Feed grain prices in Western Canada are not wholly dependent on the supply and demand in Western Canada.
The dog days of summer are upon us, and with the last remnants of the small-town fairs still in the air, we’re left with fond memories of the circus clowns and second-rate magicians. Disappearing people, never-ending hankies, magic wands that go limp, and sleight-of-hand tricks are all old favourites that seem to dazzle a new crowd every year. The magician is a staple of our summer diet that we just can’t seem to do without.
Apparently that circus hadn’t quite left town when the latest study from the George Morris Centre (GMC) was released. In a wonderfully inventive slam on federal government policy, they have attempted to blame the federal government for the pork industry’s inability to compete in a world market. The latest hog support program is described as “disingenuous” and at odds with the federal support of the ethanol industry. Basically, they lay the blame for falling profit margins on the high feed costs created by a government-mandated biofuel industry. All of this would make sense except for some small overlooked details.
One, the hog industry and the ethanol industry are not necessarily competing for the same acres in Canada. No. 2, feed grain prices in Western Canada are not wholly dependent on the supply and demand in Western Canada.
While the centre’s discussion paper entitled “Opening the Throttle and Applying the Brakes” goes on at length about the cost of feed wheat being driven up in Western Canada, it is conspicuously quiet about how much of that feed wheat was ever fed to hogs.
Buried in the details of the appendix is one chart that describes a typical finishing ration as consisting of 13.3 kilograms (kg) of wheat, 95.5 kg of barley, and 16.4 kg of soy-meal. Oddly enough for a report that was co-authored by an ex-Maple Leaf executive, they make no mention of the vertically integrated contract barns that have consistently continued to use imported American corn.
While they acknowledge that the biofuel industry is a predominant user of wheat and corn, they fail to mention the differences in preferred specifications, a detail witnessed by the creation of a new class of wheat specifically for ethanol production as implemented by the CWB. Barley, the largest single component of the ration in their own study, is not currently being used in significant volumes by any of the ethanol plants currently operating in Western Canada.
In the mid-1980s, I was unhappy with the barley prices at the elevator and attempted to peddle it locally for $4 per bushel. I was unsuccessful because after considering the relative feed values, it was cheaper for my neighbours with livestock to purchase subsidized American corn. The GMC study claims that local feed values have shifted from an American corn price less freight to one plus freight.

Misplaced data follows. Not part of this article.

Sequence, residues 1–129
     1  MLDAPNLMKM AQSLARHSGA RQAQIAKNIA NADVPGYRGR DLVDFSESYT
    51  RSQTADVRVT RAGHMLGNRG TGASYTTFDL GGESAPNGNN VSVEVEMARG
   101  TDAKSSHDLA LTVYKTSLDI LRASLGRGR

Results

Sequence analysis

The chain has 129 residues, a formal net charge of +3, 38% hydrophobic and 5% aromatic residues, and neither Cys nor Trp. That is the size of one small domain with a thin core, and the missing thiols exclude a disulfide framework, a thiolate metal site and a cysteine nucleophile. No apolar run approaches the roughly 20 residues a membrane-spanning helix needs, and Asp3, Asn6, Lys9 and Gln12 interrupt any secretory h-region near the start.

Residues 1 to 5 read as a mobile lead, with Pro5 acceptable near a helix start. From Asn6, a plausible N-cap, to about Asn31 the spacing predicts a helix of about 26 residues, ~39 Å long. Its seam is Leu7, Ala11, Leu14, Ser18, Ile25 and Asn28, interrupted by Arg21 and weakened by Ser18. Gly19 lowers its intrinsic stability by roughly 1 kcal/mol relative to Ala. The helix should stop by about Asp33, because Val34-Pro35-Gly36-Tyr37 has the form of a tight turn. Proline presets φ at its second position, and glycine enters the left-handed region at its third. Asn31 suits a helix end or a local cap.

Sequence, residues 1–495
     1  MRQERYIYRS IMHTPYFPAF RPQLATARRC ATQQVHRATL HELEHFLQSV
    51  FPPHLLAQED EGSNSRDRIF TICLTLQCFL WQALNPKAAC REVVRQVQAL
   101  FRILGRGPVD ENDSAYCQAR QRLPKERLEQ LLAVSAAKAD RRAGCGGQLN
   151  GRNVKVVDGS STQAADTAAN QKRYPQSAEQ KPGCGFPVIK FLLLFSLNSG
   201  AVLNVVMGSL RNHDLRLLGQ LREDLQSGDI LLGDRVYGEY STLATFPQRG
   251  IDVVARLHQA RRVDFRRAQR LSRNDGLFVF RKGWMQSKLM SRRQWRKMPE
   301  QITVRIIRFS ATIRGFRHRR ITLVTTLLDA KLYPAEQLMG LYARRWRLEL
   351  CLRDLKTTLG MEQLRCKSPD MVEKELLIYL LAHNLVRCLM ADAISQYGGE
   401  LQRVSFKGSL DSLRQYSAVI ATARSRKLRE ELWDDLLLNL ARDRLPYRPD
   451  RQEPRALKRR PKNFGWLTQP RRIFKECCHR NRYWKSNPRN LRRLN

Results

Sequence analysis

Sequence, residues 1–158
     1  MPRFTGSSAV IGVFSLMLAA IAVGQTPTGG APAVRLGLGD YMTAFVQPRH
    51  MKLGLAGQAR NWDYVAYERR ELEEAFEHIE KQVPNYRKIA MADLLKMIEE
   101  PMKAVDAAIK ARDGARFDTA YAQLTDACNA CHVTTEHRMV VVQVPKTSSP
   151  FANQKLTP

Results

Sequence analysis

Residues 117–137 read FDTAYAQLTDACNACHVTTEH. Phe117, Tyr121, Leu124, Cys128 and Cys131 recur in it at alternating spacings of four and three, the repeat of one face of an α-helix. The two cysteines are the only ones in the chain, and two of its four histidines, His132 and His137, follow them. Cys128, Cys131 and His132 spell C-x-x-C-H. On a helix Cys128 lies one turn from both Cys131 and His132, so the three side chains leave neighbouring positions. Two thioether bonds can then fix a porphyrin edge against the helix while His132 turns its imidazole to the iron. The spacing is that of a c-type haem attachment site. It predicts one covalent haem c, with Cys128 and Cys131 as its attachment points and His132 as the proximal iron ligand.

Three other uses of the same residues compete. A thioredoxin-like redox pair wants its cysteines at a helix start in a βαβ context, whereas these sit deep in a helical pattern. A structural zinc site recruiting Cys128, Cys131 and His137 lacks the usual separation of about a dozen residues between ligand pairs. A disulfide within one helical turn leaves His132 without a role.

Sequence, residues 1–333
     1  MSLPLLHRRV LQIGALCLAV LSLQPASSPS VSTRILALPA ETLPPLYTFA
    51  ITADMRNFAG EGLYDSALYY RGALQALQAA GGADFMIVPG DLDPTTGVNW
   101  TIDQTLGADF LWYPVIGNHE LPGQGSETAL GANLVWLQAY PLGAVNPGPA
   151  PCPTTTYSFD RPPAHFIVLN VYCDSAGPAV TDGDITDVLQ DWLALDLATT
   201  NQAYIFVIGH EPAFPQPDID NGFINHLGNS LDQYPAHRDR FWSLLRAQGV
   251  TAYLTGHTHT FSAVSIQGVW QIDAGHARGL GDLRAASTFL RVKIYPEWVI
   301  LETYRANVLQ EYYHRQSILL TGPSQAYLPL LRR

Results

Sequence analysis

While that may be true of posted elevator prices, as you can see the net farm gate price has always reflected a cost plus freight because that neighbour had to pay to have the corn trucked in. Ultimately, it was that cost plus freight that determined the relative worth of my barley. In short, local supply and demand have been overridden by the supply of relatively cheap corn from south of the border. At the end of the day, it is not Canadian federal policy that is influencing our feed prices, but American.
This of course, all assumes that the demand of the biofuel industry is driving our prices higher. The availability of dried distillers grains and dried distillers grains with solvents (DDG/DDGS) are currently creating downward pressure on barley markets. With contract barns including up to 20 per cent DDG/DDGS, the new competitor for barley is a combination of subsidized American corn blended with DDG/DDGS plus freight. The increased crush for canola being utilized in the biodiesel market is also strangely ignored in this report. The byproduct of this process is a meal which can also be used to offset the soymeal usage by approximately 20 per cent. How is this product priced? Oddly enough it is competitive with American soymeal.
Hogs are currently said to be losing about $40/head. That same hog will eat about 12 bushels of barley in its lifetime. That 12 bushels at $3.40 a bushel is $40.80. If the George Morris Centre believes we can solve the problems that have been created in the hog market in the last 10 years with cheaper feed, they need to supply us with free barley to eliminate the current losses. It was the executives of meat-processing companies who convinced governments to abandon single desk selling agencies and ramp up pork production for markets that have never materialized. It would seem that the biggest mistake the federal government made was to listen them.
“Step right up, pick your shell and see which one contains the pea.”
You may win a stuffed toy or a piggy bank. Every veteran circus performer will tell you that true sleight of hand requires a diversion, a position frequented by the “lovely assistant” wearing too much makeup and last year’s lace. If the George Morris Centre is intent on pulling the wool over our eyes so we’ll forget who created this mess, perhaps they should be investing more heavily in bikini-clad models, and less on retired corporate executives. Les McEwan farms near Altamont, Man.